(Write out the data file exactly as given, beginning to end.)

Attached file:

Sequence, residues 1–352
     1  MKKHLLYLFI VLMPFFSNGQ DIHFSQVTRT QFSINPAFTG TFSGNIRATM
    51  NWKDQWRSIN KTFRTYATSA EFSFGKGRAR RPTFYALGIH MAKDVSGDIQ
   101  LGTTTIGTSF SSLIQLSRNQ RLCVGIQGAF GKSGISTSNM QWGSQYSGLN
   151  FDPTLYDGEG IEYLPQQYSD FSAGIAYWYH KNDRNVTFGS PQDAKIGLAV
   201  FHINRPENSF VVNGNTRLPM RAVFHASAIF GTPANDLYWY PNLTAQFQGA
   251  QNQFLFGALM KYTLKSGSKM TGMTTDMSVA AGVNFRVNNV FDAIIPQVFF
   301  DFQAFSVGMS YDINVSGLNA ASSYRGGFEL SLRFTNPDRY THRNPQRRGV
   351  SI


Sequence, residues 1–352
     1  MKKHLLYLFI VLMPFFSNGQ DIHFSQVTRT QFSINPAFTG TFSGNIRATM
    51  NWKDQWRSIN KTFRTYATSA EFSFGKGRAR RPTFYALGIH MAKDVSGDIQ
   101  LGTTTIGTSF SSLIQLSRNQ RLCVGIQGAF GKSGISTSNM QWGSQYSGLN
   151  FDPTLYDGEG IEYLPQQYSD FSAGIAYWYH KNDRNVTFGS PQDAKIGLAV
   201  FHINRPENSF VVNGNTRLPM RAVFHASAIF GTPANDLYWY PNLTAQFQGA
   251  QNQFLFGALM KYTLKSGSKM TGMTTDMSVA AGVNFRVNNV FDAIIPQVFF
   301  DFQAFSVGMS YDINVSGLNA ASSYRGGFEL SLRFTNPDRY THRNPQRRGV
   351  SI